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Lowriders cruising back in National City

The United Lowrider Coalition celebrates the end of a decades-old ban on cruising in National City as the last "No cruising zone" is taken down.

NATIONAL CITY, Calif. — The United Lowrider Coalition is celebrating the removal of a decades-old ban on cruising in National City with the final "No cruising zone" sign being taken down.

Following a statewide movement sparked by National City lowriders, the city has repealed a ban on cruising in the community. While other cities around California moved to lift their cruising ban, lowriders in National City were hit with one barrier after another. 

But on April 4th, National City leaders agreed that lowrider cruising is not a crime in this city.

After decades of pushing for a change in the ordinance, the council voted in favor of repealing the law and returning a cultural lifestyle to Highland Avenue.

It is a major victory for the low-riding clubs in National City.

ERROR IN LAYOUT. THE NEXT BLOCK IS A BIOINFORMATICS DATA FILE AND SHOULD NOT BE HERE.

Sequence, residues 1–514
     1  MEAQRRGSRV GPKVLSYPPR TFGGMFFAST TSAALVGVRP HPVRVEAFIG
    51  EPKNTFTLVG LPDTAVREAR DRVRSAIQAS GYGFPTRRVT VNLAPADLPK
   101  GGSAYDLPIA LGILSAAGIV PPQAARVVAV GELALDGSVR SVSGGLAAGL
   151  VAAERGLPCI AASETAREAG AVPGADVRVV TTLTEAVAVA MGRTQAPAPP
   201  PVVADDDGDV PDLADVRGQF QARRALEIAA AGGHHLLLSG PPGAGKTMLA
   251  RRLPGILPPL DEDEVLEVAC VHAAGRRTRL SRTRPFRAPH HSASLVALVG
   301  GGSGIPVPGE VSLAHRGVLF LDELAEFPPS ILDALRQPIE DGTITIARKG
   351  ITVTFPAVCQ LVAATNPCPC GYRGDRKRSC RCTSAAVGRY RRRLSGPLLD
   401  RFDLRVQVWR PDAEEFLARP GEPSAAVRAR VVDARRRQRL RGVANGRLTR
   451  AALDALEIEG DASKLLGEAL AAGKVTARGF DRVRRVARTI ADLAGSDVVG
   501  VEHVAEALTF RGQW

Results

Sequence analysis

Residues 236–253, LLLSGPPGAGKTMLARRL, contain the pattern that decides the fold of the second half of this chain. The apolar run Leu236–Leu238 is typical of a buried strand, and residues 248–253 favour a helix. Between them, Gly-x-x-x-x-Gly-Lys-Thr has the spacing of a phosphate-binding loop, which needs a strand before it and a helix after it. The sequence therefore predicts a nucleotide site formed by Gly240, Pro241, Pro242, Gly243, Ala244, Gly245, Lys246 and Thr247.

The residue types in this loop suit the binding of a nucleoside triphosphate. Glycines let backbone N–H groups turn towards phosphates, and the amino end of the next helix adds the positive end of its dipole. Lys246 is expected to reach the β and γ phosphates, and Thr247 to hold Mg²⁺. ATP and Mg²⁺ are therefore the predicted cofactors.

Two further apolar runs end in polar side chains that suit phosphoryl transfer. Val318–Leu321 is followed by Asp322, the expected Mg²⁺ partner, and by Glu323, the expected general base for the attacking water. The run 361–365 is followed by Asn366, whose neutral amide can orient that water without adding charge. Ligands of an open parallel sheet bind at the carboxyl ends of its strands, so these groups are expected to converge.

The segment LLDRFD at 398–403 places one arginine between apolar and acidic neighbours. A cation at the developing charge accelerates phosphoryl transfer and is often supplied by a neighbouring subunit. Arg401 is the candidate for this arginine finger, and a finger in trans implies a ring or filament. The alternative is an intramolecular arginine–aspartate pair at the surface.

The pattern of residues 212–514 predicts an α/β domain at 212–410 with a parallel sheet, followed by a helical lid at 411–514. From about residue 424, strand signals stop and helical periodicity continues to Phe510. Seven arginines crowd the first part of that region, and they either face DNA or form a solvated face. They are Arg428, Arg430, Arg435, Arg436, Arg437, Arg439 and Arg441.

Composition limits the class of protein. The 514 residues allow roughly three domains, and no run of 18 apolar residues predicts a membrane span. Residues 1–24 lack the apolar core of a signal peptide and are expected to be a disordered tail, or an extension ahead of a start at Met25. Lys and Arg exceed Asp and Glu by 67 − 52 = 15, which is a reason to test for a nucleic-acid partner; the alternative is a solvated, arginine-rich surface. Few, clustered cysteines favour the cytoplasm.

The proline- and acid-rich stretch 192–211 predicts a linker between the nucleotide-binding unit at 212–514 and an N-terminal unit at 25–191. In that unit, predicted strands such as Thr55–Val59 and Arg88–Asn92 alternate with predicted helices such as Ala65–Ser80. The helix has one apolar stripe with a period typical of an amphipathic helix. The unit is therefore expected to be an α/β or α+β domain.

“Oh, I’m like in awe. Like…It’s unbelievable that we got here today. From pop-up cruises in 2020 to today. But, the ban was established in 1992. So, it’s been 30-plus years that these signs have been up, reminding us that we’re not accepted, welcome in the community,” Marisa Rosales from the United Lowrider Coalition said.

"That was the late 80's, 90's. Times have changed; today is 2023," National City Mayor Ron Morrison said.

State Assemblymember David Alvarez also touted a state bill he introduced that would lift cruising bans throughout California. 

"It is now time that they cruise without the fear of being stopped or judged," said Alvarez.

The National City law was implemented in the 90s to prohibit cruising on Highland Ave with lowriders. The law came after concerns about crime and traffic congestion from cruising. 

Many Black and Latino riders felt discriminated against and have since argued that this is a law that profiles people of color.

"Well, it was…like sad. Because, you know, I would cruise these streets in '92 when the ban was on. It was very sad to see them. It was a constant reminder that we were not accepted,” said Rosales.

With the repeal in effect, many men and women are planning to join the lowriders and slowly cruise on the streets of National City.

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